The reason is that the answers to your questions are going to depend on where you are, how much competition you have, how much illegal competition you have, and a bunch of other things that are location-dependent. Asking a group of people who live in vastly different places about how you should run your business is a waste of time.
I was talking to a baker who was debating whether to open a home-based business recently. She was also located in Virginia, and said that her market was saturated so she wasn't sure if it was even worth the effort.
She got the usual advice from people online. "Find your niche!" "Follow your dreams!" "Go for it, you got this!"
Now, this particular person was no idiot, so she said that when she read that advice she just laughed to herself. She told me that the every niche in her market was pretty well-covered, and that following her dreams wasn't going to help a business plan work out.
A niche is a niche because it's small. Telling someone who's in a saturated market that all she has to do is find her niche is seriously irresponsible advice. In some markets it's more important to find a way to expand, not contract, your product line. It all depends where you are and what's going on in your area, and people who don't live anywhere near you don't know anything about it.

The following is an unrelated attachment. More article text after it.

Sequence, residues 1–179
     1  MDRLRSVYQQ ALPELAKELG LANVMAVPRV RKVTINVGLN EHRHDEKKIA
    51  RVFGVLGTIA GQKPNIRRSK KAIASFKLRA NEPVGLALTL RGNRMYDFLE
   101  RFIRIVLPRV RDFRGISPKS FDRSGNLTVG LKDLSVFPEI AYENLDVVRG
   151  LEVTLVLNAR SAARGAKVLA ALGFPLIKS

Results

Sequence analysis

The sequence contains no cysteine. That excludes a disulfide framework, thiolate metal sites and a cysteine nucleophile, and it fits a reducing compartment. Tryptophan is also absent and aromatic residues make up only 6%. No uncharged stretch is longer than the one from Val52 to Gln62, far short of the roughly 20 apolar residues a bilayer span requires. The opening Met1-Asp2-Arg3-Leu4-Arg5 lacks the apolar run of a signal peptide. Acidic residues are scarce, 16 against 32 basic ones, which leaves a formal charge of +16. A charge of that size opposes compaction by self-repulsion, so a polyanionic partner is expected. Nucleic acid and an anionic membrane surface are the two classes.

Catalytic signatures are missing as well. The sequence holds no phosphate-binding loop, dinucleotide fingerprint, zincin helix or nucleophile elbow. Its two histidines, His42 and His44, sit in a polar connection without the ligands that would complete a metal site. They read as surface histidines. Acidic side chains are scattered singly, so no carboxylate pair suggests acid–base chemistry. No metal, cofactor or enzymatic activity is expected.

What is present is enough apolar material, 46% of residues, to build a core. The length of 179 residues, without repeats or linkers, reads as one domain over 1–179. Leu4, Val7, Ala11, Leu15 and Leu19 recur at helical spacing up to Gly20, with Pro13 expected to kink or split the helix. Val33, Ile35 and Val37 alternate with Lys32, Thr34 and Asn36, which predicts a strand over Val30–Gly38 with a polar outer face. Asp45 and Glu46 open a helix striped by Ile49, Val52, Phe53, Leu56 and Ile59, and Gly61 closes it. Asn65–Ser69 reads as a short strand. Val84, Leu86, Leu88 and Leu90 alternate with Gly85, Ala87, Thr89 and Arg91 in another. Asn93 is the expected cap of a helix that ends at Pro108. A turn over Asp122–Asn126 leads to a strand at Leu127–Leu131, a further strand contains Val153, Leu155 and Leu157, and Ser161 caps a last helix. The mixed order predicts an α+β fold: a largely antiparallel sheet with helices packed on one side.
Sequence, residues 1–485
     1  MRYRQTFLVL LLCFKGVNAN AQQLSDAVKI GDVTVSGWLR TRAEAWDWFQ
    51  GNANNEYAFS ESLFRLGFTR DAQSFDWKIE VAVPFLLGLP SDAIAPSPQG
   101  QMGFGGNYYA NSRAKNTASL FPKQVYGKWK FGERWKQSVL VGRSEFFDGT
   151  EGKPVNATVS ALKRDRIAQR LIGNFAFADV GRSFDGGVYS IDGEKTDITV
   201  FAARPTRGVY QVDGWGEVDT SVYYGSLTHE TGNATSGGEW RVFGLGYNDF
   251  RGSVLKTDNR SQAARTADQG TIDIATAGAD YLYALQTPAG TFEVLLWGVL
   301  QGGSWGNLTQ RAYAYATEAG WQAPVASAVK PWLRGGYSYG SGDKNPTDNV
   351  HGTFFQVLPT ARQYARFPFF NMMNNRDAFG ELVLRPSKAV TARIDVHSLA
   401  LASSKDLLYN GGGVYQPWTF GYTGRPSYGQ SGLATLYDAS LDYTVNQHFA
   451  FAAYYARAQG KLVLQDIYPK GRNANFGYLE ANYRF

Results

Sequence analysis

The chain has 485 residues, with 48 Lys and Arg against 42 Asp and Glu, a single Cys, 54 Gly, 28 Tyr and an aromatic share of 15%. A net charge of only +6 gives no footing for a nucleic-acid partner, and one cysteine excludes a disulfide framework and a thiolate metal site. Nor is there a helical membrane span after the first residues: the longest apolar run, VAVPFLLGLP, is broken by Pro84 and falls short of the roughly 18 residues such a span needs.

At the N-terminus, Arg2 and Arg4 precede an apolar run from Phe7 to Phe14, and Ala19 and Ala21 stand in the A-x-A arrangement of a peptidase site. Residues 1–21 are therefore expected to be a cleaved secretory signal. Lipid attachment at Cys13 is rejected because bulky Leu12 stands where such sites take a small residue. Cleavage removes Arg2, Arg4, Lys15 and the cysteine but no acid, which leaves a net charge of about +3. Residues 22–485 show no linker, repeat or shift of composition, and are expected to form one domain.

Another Virginia baker got into the discussion and said that even though she has a busy wedding cake business, if she knew then what she knows now, she wouldn't have started her business. She said that with the state of the market in our area, it's one thing to have a hobby income-type business, but when you have to pay the bills with it, custom cakes are too dicey these days. There's no guarantee that you'll be able to support yourself in this area with a home-based cake income if you needed to.
That might be different in different areas, but unless the person you're asking knows your market, they don't know if it's different for you.
And if you want to ignore the advice and just go live your dream, then at least do your research and be realistic about it. Don't quit your day job based on the advice of someone who lives a thousand miles away and who doesn't sell cakes themselves. Find some people in your area and see what they say. Check out their websites and pricing. See if they're on facebook scrambling for business. If they are, you might end up there too if you're not careful.